I am not leaving because I make some people at the law school uncomfortable. They are not entitled to discriminate against me for having cancer or for asserting my rights to be free from discrimination for a disability. The result of all this is that things have not changed positively at the law school. In fact, my boss no longer seems to hold meetings of the drafting “professors.” I just started the spring semester last week. It was the first time that my boss did not call a meeting before classes started since I became an adjunct professor in 2005. In fact, last semester she omitted to tell me when she wanted to review my grades for my fall class. She only gave me a deadline for turning in my spring semester syllabus after I inquired about one. I do not know her motivation for holding no meetings since August as she only once considered holding a meeting since then and cancelled it, but I wonder whether she has decided not to even see me since she learned that I formally complained to the EEOC and the university about being terminated for having cancer.
I am putting off thinking and speaking about what really matters. I will be undergoing at least one test tomorrow to determine if cancer has returned. I am nervous about that. I do not think that it has returned. I think positively about this topic. Cancer has not returned. I am positive about that!
I did not know that I had it in the first place, so I should not expect to be able to discern it now; but positive attitude is an attitude and not a scientific condition.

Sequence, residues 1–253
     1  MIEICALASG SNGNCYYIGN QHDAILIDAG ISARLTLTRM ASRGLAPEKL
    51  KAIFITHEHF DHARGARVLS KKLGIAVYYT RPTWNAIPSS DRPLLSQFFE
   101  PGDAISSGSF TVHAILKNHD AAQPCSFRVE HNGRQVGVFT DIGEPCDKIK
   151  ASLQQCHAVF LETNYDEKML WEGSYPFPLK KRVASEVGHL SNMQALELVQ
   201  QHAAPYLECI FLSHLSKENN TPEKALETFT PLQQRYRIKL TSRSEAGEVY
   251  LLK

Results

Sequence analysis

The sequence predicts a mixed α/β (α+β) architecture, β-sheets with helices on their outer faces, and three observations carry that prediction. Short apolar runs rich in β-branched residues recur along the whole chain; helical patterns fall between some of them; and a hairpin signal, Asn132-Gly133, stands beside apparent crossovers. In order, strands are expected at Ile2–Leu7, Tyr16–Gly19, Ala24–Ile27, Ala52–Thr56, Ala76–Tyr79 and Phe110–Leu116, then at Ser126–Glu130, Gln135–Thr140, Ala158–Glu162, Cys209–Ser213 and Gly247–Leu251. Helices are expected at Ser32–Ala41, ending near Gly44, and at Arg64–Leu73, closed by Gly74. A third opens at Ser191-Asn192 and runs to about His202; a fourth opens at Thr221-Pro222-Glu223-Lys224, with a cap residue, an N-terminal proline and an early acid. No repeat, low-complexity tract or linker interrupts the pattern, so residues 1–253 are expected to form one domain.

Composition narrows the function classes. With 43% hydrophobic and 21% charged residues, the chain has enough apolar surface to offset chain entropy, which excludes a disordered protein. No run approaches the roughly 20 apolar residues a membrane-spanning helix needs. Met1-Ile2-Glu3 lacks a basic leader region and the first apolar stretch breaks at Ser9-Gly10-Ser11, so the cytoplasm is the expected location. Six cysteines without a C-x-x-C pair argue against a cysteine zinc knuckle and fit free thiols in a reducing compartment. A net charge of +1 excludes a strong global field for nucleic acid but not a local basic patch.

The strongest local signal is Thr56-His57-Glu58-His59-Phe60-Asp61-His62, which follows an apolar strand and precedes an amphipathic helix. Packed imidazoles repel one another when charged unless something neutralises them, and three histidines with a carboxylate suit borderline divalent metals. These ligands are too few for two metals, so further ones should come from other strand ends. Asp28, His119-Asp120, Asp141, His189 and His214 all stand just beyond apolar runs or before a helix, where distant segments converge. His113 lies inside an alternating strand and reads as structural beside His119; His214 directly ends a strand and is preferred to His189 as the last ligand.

I bought a lottery ticket this past week. The Powerball prize has surpassed $100 million. As I drove away from the 7Eleven I wanted to imagine winning the prize, but I encountered the external dimensions of my absolutely outrageous positive attitude about cancer.
I could not bring myself to articulate a wish for a winning ticket–not in words and not in thought. I got as far as “I wish . . . ” and was paralyzed. I could not complete the thought. I just kept thinking that I already was so incredibly “lucky” to be beating cancer that I shouldn’t want anything else. That’s silly, isn’t it? It is silly to think that if anything else fabulous were to happen to me that I might lose my life. It is like a superstition, except that my superstition is not that my favorite sports team will lose if I change my socks (I do not have a favorite sports team, so I can joke about that). I have this dreadful sense that I should not want for anything now, which makes the extension of my life silly, right? Seriously.
I have not seen the movie that is out about a family that survived the tsunami in Phuket. However, I saw on TV the author of the book on which the movie is based. She said that she and her family, having survived that cataclysmic tidal wave, have asked, “Why us?” If I recall correctly, her son asked, “What for?” Surviving can be the cause of guilt, can’t it? I have been so aware of the fact that so many people succumb to cancer that it sometimes overwhelms me.
That is a challenge, isn’t it? If you want to stop feeling so frightened of your own vulnerability to a return of cancer, then maybe you have to decide what to do with your new lease on life.
I have no answer yet to the question: “What for?”
I have been feeling so lucky to be alive that I have been keeping myself from moving on in any significant way.
I have faced so many fears in the past fifteen months. I am afraid to face my fear that I could jinx my own recovery by wanting anything else for myself. I will have to address that and put my positivity to new uses.
But, for tonight, as I face the prospect of seeing my doctor tomorrow, I am going to give myself a little more time to just feel so overwhelmingly lucky that I can express no other wants or desires. For tonight I just want to think that, notwithstanding uterine cancer, major surgery, five weeks of radiation, six weeks of chemotherapy, employment discrimination, and all the travails of slow, slow recovery, that I am so damned lucky to be alive that I don’t need anything else.